Originally created 05/12/02

Lopez bat comes alive for Braves

ATLANTA - This is the kind of week it's been for Javy Lopez. When he was asked if he knew what his batting average was, he replied, "I'm afraid to look."

Twice he arrived early at the park for batting practice, an exercise made slightly more painful when noted slugger Bobby Cox, career average .224, felt inclined to offer advice.

But it's never too late to start hitting, which is what Lopez did in Saturday night's 6-1 Braves' win over the San Diego Padres. Lopez knocked in five runs with a double and the fifth grand slam of his career to boost Atlanta's win streak to a modest three games.

"The way I hit today was more than I expected," said Lopez, who came into game with just three hits in his last 36 at-bats and was made the No. 8 hitter last week by manager Cox. "But I told myself, there's five months left in the season and I can still change things. That's the one thing that calmed me down and I came up ready today."

For one day, Lopez proved the angry voices on talk radio and the sarcastic wiseguys in the newspapers wrong. And a tip of his cap to hitting coach Terry Pendleton, who has repeatedly said there is nothing wrong with Lopez's swing that swinging at strikes wouldn't cure.

So, on a night when the Braves' first four hitters - Rafael Furcal, Julio Franco, Gary Sheffield, and Chipper Jones - were a collective 2-for-16 and failed to drive in a run or score one, Lopez shouldered the offense and made a winner of Jason Marquis.

"I was talking to Javy earlier and I told him, just imagine what will happen when you and me get going," Sheffield said. "Little did I know that it was him and not me I was referring to."

Lopez, who spent most of last year worrying about his declining batting average, has ignored the slings and arrows aimed at him this season. But he was well aware that he was batting .169, that he was 0-for-11 on this homestand, and that he had just one home run and five RBI entering the game.

"It's my fault I'm having a slow start," Lopez said. "Pitchers are kind of playing with my mind. But a game like tonight could change the whole season."

For a third straight game, the Braves used the long ball to squash their opponent. Lopez drove in a tainted run in the second with a double, then his grand slam and the first home run of Marquis's career highlighted a five-run fourth inning.

"Javy is a big part of this team," Cox said. "We need him to get rolling."

Making his first start since shoulder tendinitis forced him to miss four turns, Marquis held the Padres to one run on three hits in five innings, then turned the game over to his bullpen, which preserved his second win.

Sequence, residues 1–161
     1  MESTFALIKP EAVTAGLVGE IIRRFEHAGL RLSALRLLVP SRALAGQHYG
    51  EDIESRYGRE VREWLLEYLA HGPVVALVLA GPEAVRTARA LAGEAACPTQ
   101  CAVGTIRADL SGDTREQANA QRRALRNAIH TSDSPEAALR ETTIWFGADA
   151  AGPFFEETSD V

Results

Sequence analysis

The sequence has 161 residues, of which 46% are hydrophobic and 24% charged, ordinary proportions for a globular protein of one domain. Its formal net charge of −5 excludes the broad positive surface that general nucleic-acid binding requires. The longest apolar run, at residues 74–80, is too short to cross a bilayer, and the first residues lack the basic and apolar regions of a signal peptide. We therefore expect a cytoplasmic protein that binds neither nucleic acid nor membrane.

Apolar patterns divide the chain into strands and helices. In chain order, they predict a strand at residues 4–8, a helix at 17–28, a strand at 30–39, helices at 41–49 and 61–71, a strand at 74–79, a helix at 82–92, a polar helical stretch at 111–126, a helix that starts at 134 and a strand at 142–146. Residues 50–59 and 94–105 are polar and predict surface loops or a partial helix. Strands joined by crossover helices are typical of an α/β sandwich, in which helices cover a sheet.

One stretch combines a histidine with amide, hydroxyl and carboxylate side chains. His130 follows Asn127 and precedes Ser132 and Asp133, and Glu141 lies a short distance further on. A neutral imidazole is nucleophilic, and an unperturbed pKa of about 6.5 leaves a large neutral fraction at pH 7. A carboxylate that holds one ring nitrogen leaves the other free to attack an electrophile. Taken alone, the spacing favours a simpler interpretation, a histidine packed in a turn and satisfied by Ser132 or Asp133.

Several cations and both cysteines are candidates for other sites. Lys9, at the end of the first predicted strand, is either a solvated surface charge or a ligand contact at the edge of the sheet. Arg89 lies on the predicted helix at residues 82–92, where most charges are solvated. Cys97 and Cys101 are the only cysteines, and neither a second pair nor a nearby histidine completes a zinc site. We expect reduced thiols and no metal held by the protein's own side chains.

Marquis's command showed signs of rust. He threw 101 pitches, 60 strikes, and struggled to control his fastball.

"A month layoff and I was a little nervous," said Marquis, who evened his record at 2-2. "I was behind a lot of hitters, which I'm very unhappy about. I had good velocity, but not good location."

Marquis made a couple of mistakes in the second that cost him dearly. He walked Deivi Cruz to open the inning, handed a free pass to Ramon Vazquez one out later, then gave up an RBI single to .118-hitting pitcher Brian Lawrence with two outs.

Lawrence returned the favor in the bottom half of the second, second baseman D'Angelo Jimenez's error on Vinny Castilla's roller setting up Lopez's game-tying double with two outs and Marquis scheduled to hit next.

The Padres right-hander, despite allowing just two hits in the first three innings, was unable to survive the fourth.

Lawrence, who had allowed just two home runs in 50 innings this season, matched that total within six batters. He gave up a single to Andruw Jones, a double to Castilla, and intentionally walked Keith Lockhart to load the bases, but the pitch that caused him the most grief was his 0-and-2 offering to Lopez. Lawrence wanted to throw a slider down and away, but it hung over the middle of the plate and Lopez drove it into the left field stands, his first home run since April 9.

"Once I got 0-2, I told myself that if I'm going to strike out, I'm going to strike out swinging," Lopez said. "There's no way I'm taking pitches."

Marquis followed with another home run, a 359-foot drive into the right field seats to make it 6-1, and when Furcal whistled a double into left-center, Lawrence headed inside.

"Two outs, 0-2 count, and three pitches later it's 6-1," Sheffield said.

Reach Bill Zack at bzack30143@aol.com.


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